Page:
International Management (section 1)

3500-501:
Discipline: Semester at Sea Seminars
Instructor: Dykman
Credits: 3
Day: B
Start: 15:40
End: 16:55
Field Work: Day 1 - Dublin - Friday, 20 September | Ireland
Prerequisites: This course is appropriate for students pursuing any academic major. Students enrolled should have an interest in understanding the effective and ethical management of international organizations. Basic understanding of economics and management theories will be helpful, although not required. Download Syllabus

The purpose of this course is to provide the student with a foundation in the understanding of the impact of cultural variations on managerial practices within global organizations.  Topics include cultural variations in organizational strategy, motivating employees, leadership styles, group dynamics, and managerial direction and control.  Political and economic risk and human resource implications are addressed.  This course utilizes lectures, case studies and/or experiential assignments in addition to readings.

Field Work

Country: Ireland
Day: 1 - Dublin - Friday, 20 September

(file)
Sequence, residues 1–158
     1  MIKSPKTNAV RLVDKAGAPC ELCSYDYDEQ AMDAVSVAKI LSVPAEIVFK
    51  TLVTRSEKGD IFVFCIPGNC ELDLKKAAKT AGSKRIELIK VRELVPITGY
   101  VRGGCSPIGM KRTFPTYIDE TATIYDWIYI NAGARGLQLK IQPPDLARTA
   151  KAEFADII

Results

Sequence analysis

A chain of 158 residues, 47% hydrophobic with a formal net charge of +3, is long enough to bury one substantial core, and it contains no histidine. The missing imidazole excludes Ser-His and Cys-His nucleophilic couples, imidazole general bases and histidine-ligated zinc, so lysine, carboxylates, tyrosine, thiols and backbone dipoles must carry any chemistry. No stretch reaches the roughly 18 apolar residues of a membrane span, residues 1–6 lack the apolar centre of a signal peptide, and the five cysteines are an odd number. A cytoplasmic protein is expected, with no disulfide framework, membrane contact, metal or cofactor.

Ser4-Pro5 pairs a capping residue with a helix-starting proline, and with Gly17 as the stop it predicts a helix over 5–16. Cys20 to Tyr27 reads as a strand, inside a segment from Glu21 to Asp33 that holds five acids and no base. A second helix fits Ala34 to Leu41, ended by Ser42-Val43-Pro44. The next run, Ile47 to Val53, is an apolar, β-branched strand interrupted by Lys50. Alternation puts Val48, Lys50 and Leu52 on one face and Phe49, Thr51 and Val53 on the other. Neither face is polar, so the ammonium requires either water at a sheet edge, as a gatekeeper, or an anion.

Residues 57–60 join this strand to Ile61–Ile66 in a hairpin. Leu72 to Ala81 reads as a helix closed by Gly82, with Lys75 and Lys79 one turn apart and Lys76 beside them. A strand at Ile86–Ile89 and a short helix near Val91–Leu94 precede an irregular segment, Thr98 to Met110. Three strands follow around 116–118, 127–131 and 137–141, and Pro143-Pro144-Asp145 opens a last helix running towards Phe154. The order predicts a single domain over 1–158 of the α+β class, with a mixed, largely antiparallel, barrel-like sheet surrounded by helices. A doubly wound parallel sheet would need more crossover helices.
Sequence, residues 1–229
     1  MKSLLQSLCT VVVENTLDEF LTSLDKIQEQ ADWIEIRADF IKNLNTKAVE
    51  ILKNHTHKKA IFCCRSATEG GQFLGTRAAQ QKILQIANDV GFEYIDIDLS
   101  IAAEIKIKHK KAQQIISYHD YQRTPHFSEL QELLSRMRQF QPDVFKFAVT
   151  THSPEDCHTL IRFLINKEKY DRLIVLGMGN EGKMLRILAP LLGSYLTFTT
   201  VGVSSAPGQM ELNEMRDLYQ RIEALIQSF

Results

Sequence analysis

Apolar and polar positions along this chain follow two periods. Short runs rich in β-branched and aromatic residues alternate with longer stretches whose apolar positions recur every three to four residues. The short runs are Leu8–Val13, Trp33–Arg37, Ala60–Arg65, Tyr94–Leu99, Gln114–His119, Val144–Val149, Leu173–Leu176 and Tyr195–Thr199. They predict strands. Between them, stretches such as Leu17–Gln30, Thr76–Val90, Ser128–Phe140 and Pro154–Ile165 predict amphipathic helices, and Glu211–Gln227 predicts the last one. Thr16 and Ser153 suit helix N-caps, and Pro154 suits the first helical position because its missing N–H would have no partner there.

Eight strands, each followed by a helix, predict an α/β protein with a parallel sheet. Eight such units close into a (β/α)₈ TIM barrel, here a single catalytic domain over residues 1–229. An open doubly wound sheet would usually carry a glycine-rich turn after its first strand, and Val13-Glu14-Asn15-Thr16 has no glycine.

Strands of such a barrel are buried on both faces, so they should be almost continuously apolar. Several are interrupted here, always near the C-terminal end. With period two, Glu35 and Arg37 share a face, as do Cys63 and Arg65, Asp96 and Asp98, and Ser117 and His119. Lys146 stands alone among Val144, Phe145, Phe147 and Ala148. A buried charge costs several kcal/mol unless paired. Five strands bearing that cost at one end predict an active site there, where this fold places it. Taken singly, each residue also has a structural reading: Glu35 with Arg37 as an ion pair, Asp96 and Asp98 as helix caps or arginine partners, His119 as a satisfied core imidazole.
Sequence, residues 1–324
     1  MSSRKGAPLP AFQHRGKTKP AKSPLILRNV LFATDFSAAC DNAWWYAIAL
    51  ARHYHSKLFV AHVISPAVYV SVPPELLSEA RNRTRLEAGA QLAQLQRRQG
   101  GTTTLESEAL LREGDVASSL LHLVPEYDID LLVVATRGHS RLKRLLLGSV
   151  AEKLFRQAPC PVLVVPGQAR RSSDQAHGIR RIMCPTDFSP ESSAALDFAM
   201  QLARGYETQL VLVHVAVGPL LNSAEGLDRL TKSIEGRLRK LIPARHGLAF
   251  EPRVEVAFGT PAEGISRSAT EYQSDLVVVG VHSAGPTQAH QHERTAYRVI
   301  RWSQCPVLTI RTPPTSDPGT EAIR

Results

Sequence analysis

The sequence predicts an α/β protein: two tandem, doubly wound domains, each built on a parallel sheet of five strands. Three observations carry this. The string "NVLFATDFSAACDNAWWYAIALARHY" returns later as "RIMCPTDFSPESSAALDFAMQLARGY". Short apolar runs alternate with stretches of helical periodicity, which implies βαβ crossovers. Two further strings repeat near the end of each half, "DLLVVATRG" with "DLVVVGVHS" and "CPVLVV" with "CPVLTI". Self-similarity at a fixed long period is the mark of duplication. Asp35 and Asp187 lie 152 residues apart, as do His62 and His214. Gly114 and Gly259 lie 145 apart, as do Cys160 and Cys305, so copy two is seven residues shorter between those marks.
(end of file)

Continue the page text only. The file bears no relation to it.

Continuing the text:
We will study the Port of Dublin, Ireland, and meet with administrative personnel who manage the Port.  This will include a tour of Port operational areas, warehousing facilities, and administrative areas.  Meetings with Port officials will be held to discuss the administrative structure of the Port, public/private partnerships, intermodal transportation systems within the Port area, typical cargo and materials handling processes, labor/management relationships, and other concepts related to the management of the Port operations. Additionally, there will be a focus on understanding how Port of Dublin officials view their unique strategic advantage over their competitors, both other ports and other materials transportation systems in general.  Students will be prepared with information about the Port, prior to the lab, along with investigative questions to assist in their analysis. Academic Objectives:  1. Students will be able to discuss the operations of a major international port, from managing arrivals and departures, to warehousing, working with in-bound transportation (railroads, trucks, etc.), working with shipping lines, etc. 2. Students will be able to discuss the structure of a major international port, the departmentalization within the port, the assignment of responsibilities, as well as the public/private partnerships involved in the authorization and funding of the port, etc. 3. Students will be able to discuss the human resources aspects of a major international port, including management/worker relationships, expatriate versus host country employment practices, performance evaluation processors, etc. 4. Students will be able to perform a Porter’s Five Forces and Porter’s Value Chain analysis of the Port of Dublin.